Here’s a thought. I have them occasionally. Why is it that Mabie Todd and to a lesser extent De La Rue have greater variety of nibs than all the other manufacturers combined? We know and accept that this is so, but why? Conway Stewarts are mostly fine, medium or broad, yet I have seen Conway Stewart advertising showing a large range of nib types. It is true that once in a while you will come across a stub or oblique Conway Stewart nib but they are decidedly uncommon.
Similarly, Mabie Todd advertises the huge range of nib types that they offer. The difference is that you can find them in the field, and in appreciable numbers, too. Can it be that if you are the discerning type and not satisfied with a medium or a fine, you naturally think of Swan?
Or is it the other way around, that Mabie Todd’s advertising penetrates the market so well that if you want a stub the fine array of nibs that they show comes immediately to mind? As an aside, in a closely related subject, most by far of the Summits and Mentmores that come my way are mediums. Stephens seem to have provided their pens with a lot of broad nibs. I’m writing this with an early 30s Conway Stewart and yes, it’s a medium and a very good one.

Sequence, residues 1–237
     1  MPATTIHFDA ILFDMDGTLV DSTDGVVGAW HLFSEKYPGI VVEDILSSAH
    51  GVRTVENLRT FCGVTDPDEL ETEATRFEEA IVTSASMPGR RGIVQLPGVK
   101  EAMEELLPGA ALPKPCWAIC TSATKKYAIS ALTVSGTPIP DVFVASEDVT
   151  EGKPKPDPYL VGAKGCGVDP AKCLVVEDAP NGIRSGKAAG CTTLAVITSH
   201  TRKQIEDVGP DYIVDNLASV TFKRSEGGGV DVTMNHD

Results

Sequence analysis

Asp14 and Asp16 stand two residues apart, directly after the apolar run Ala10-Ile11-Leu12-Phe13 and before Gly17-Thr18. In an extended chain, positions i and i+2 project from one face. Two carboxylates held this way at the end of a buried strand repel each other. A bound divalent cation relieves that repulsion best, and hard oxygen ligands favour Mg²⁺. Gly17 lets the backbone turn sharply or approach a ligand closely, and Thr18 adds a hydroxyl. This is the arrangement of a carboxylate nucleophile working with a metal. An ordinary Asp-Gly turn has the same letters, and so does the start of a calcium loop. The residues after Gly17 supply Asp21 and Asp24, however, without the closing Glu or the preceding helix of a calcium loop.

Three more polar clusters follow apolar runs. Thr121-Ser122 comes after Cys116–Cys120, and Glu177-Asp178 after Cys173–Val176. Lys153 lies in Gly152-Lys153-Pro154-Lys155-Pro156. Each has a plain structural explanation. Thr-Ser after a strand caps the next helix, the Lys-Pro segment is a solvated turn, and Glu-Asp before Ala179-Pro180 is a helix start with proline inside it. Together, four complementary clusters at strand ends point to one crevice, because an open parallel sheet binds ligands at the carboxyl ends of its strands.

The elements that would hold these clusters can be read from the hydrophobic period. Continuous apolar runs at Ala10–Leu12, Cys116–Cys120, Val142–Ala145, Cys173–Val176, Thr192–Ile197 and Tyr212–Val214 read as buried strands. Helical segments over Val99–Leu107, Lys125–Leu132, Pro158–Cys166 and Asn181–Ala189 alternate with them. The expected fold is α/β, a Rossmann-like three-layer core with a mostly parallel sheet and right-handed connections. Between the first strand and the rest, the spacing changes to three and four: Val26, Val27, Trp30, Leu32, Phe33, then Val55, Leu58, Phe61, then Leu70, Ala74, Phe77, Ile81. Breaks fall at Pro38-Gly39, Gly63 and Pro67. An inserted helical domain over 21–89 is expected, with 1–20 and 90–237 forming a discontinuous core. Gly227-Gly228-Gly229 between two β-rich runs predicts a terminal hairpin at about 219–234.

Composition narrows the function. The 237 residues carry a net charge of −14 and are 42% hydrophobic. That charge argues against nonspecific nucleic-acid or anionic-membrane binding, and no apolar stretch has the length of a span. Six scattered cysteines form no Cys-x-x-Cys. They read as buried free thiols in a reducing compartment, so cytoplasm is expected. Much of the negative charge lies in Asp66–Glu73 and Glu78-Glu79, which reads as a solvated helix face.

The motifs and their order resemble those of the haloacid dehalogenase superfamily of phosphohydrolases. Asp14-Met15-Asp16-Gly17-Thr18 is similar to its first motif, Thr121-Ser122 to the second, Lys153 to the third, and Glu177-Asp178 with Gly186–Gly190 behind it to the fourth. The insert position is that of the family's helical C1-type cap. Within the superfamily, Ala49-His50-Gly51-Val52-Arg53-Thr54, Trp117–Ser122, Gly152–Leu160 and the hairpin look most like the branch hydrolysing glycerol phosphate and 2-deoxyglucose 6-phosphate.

I can understand why medium was the most popular size. It lays down enough ink on the paper to be easily read without going to the excess of broad. In some hands the use of a fine tends to become rather spidery.
4 thoughts on “Nib Types”
HI iDeb, I don’t own a Mabie Todd, maybe soon! But My first vintage pen was a Conway 330 with an OB nib 🙂
The exception the proves the rule golden, Bob!
yes, the number and quality of nib variants is a great feature of our Swans. 🙂
So it was a surprise to get an stubbish OF (by Pelikan’s nomenclature) or a double pointed F + needlepoint nib…
These nibs must be very enjoyable!